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A Theory of Tonal Hierarchies in Music

  • Carol L. Krumhansl
  • Lola L. Cuddy
Chapter
Part of the Springer Handbook of Auditory Research book series (SHAR, volume 36)

Abstract

One of the most pervasive structural principles found in music historically and cross-culturally is a hierarchy of tones. Certain tones serve as reference pitches; they are stable, repeated frequently, are emphasized rhythmically, and appear at structurally important positions in musical phrases. The details of the hierarchies differ across styles and cultures. Variation occurs in the particular intervals formed by pitches in the musical scale and the hierarchical levels assigned to pitches within the scale. This variability suggests that an explanation for how these hierarchies are formed cannot be derived from invariant acoustic facts, such as the harmonic structure (overtones) of complex tones. Rather, the evidence increasingly suggests that these hierarchies are products of cognition and, moreover, that they rely on fundamental psychological principles shared by other domains of perception and cognition.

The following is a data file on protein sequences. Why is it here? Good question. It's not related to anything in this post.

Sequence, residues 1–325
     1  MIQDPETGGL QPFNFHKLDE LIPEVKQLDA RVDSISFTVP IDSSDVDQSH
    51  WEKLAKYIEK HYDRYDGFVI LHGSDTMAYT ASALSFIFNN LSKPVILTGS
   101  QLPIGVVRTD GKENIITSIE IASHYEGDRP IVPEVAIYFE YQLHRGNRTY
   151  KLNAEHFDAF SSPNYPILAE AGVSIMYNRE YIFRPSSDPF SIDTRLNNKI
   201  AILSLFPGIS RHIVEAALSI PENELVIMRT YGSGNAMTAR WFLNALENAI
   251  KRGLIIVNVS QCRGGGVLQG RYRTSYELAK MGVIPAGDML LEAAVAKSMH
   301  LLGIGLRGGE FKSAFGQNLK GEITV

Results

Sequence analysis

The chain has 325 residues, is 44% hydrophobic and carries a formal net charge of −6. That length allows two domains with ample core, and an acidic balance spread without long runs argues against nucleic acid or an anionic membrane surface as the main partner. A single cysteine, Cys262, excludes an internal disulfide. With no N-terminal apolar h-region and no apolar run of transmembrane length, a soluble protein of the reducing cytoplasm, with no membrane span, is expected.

Keywords

Music Training Absolute Pitch Probe Tone Pitch Height Western Music 
These keywords were added by machine and not by the authors. This process is experimental and the keywords may be updated as the learning algorithm improves.

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© Springer New York 2010

Authors and Affiliations

  1. 1.Department of PsychologyCornell UniversityIthacaUSA
  2. 2.Department of PsychologyQueen’s UniversityKingstonCanada

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